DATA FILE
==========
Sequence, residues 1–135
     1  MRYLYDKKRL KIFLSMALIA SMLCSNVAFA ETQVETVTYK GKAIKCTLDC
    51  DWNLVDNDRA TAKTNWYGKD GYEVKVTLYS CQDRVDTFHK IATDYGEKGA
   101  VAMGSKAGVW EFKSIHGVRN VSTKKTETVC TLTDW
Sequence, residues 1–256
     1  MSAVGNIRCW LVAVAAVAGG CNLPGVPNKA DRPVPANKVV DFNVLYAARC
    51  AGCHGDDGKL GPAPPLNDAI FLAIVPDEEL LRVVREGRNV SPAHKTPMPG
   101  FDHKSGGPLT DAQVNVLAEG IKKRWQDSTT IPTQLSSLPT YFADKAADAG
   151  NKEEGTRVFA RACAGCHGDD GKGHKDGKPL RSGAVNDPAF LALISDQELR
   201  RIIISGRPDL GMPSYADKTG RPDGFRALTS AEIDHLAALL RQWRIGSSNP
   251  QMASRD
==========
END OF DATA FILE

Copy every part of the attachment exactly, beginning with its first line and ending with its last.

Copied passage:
Sequence, residues 1–135
     1  MRYLYDKKRL KIFLSMALIA SMLCSNVAFA ETQVETVTYK GKAIKCTLDC
    51  DWNLVDNDRA TAKTNWYGKD GYEVKVTLYS CQDRVDTFHK IATDYGEKGA
   101  VAMGSKAGVW EFKSIHGVRN VSTKKTETVC TLTDW
Sequence, residues 1–256
     1  MSAVGNIRCW LVAVAAVAGG CNLPGVPNKA DRPVPANKVV DFNVLYAARC
    51  AGCHGDDGKL GPAPPLNDAI FLAIVPDEEL LRVVREGRNV SPAHKTPMPG
   101  FDHKSGGPLT DAQVNVLAEG IKKRWQDSTT IPTQLSSLPT YFADKAADAG
   151  NKEEGTRVFA RACAGCHGDD GKGHKDGKPL RSGAVNDPAF LALISDQELR
   201  RIIISGRPDL GMPSYADKTG RPDGFRALTS AEIDHLAALL RQWRIGSSNP
   251  QMASRD